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Funomena co-founder Robin Hunicke accused of creating toxic workplace

Wattam studio and its publisher Annapurna implicated in report on abusive indie auteurs

A group of former and current Funomena developers have accused studio co-founder Robin Hunicke of creating a toxic workplace, according to a new report from People Make Games.

The outlet initially spoke with eight former Funomena employees who described Hunicke as emotionally abusive, with a number of them saying she was particularly known for sharing sensitive personal information about them in a work environment without their consent.

"She'd make comments about people's previous messy break-ups, people's current conflicts they're having with significant others, her opinions about people's dating lives, whether she knew they were in therapy or not in therapy," one source told the outlet.

"Sometimes it would be comments about people's personal appearance, or how feminine they are, or if they were struggling with their sexuality."

When one former employee was rehired as a contractor, it was with the explicit stipulation that they never have to interact with Hunicke or be in the same room with her.

Some of the former Funomena developers told People Make Games said they wouldn't participate in the GDC Experimental Gameplay Workshop or any other showcases or industry functions she was involved with out of fear of her talking with other people about them. Some said they were traumatized by working for Hunicke, or that certain spaces in the industry were no longer accessible to them because of her influence.

In the process of investigating the situation at Funomena, People Make Games said it was contacted by another group of the studio's employees, this one including an unspecified number of current employees as well.

This group provided a statement saying that Funomena engages in excessive crunch and has a culture of hypocrisy.

"She is the instigator of a huge amount of toxicity at Funomena, and has caused significant emotional distress to a large number of employees," they said of Hunicke.

"This is particularly galling when you consider her public-facing personality, for which she is celebrated as a champion of inclusivity and empathy, but which contrasts starkly with her conduct behind closed doors."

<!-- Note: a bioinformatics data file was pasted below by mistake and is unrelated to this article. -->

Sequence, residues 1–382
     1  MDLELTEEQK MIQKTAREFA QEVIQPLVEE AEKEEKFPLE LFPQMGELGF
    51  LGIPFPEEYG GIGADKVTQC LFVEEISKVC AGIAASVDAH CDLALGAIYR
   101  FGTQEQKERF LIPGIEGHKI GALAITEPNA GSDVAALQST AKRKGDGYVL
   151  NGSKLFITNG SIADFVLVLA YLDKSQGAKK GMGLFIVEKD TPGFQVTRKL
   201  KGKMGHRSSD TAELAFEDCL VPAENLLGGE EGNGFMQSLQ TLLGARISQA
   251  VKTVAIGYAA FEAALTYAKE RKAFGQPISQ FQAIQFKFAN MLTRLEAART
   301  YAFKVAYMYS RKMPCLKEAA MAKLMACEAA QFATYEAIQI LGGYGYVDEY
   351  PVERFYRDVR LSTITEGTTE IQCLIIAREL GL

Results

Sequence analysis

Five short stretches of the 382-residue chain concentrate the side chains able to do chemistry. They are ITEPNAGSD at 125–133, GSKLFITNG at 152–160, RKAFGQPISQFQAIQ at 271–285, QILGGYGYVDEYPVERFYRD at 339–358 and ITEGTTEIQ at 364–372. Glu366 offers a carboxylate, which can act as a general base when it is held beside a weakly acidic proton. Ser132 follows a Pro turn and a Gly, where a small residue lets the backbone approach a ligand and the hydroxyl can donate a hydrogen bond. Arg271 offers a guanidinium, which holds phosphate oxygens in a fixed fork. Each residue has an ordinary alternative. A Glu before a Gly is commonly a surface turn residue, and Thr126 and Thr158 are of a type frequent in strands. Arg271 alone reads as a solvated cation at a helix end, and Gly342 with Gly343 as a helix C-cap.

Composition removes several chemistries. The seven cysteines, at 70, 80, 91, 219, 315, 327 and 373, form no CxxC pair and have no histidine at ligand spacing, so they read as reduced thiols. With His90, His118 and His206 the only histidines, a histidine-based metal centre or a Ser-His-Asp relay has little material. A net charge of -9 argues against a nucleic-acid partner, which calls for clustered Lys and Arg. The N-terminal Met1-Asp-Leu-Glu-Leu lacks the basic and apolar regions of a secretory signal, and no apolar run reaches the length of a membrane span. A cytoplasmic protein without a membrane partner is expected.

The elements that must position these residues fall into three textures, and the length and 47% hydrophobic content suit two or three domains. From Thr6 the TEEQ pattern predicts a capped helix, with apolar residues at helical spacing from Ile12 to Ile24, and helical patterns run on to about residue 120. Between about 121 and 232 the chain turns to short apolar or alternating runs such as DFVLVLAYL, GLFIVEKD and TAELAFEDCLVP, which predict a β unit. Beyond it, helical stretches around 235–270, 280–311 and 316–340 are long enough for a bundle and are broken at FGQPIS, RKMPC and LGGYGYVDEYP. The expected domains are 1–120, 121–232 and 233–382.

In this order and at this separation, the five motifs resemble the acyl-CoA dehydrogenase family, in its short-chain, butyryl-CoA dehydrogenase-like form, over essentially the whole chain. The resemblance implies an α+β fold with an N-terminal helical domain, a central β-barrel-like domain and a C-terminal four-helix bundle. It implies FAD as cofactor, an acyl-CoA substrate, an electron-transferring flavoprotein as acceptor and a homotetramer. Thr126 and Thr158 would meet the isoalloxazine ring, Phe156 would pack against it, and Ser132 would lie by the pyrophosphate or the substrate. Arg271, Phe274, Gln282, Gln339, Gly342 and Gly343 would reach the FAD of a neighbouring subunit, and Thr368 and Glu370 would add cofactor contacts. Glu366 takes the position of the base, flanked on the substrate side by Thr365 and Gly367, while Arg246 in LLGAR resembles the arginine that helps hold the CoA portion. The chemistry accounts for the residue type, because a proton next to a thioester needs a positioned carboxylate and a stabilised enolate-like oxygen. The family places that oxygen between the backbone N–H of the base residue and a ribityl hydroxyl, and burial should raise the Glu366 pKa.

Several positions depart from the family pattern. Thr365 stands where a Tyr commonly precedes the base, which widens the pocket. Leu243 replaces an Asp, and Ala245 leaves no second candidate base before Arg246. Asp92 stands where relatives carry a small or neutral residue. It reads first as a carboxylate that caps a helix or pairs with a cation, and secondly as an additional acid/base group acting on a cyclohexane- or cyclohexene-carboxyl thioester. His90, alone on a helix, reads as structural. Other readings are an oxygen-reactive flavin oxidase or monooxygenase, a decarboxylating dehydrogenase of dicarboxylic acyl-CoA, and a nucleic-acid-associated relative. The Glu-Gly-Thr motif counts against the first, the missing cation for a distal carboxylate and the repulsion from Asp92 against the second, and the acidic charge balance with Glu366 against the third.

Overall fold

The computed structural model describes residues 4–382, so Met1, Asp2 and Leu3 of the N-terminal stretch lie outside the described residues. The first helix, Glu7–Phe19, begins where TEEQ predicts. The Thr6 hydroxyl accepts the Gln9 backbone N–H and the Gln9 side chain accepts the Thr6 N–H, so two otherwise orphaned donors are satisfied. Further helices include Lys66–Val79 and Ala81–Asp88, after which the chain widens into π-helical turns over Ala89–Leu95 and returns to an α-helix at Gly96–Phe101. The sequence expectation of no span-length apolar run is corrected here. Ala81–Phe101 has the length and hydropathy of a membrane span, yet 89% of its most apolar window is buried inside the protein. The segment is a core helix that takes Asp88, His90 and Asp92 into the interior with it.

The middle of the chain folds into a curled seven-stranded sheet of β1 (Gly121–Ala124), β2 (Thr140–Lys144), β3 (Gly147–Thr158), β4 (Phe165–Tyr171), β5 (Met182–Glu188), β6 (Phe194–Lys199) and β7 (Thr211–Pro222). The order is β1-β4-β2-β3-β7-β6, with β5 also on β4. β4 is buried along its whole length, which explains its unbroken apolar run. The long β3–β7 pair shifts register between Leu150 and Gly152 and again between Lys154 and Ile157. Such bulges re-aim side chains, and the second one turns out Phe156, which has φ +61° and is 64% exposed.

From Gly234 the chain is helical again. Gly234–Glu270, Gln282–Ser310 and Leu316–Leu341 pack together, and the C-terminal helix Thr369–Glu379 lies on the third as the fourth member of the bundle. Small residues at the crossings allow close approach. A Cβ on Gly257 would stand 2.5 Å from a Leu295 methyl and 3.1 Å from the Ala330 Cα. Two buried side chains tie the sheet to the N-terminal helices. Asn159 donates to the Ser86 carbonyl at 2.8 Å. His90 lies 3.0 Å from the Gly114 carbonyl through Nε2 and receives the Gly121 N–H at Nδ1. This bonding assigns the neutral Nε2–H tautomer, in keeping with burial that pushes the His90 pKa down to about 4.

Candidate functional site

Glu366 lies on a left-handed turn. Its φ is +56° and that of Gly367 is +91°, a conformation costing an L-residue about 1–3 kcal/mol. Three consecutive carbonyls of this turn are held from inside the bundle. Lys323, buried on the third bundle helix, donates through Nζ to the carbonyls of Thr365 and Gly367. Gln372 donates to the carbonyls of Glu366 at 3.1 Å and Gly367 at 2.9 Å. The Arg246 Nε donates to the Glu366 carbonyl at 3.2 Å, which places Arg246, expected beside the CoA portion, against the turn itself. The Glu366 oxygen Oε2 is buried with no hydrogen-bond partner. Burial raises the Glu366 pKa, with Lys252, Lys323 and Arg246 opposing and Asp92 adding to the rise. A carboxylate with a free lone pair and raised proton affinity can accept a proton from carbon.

They added, "She rants about discrimination, and then boasts about hiring marginalized employees in front of the entire company (and the employees in question). She expresses frustration about sexism in the industry, but consistently fails to promote or protect female employees. She tells everyone to take time to look after themselves, while organizing projects with not enough staff, nowhere near enough time, and unfeasible scope."

Hunicke declined to comment for the report, while Annapurna Interactive didn't return the outlet's inquiries.

Beyond Funomena, People Make Games also investigated the situation at two more indie studios that worked with Annapurna Interactive: Mountains and Fullbright.

Like Funomena, Mountains and Fullbright produced successful indie games and had celebrated creators at the helm. The face of the former studio was Ken Wong, while the latter was most closely associated with Steve Gaynor.

In 2019, a former Mountains developer went public with stories of how Wong abused employees. Polygon ran a report on Gaynor last year in which a dozen former employees talked about his controlling, demeaning treatment of the Fullbright team, women in particular.

People Make Games explored both situations in greater detail, including Annapurna's lack of action when these issues were made clear to them.

In Mountains' case, the studio's entire staff unanimously called for Wong to step down with a 16-page document detailing the team's issues with his behavior. Annapurna representatives spoke with the team (minus Wong) in a conference call, but the reps were described as "dismissive," with one recalling them saying something along the lines of "without strong personalities, games don't get made."

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Brendan Sinclair

Managing Editor

Brendan joined GamesIndustry.biz in 2012. Based in Toronto, Ontario, he was previously senior news editor at GameSpot in the US.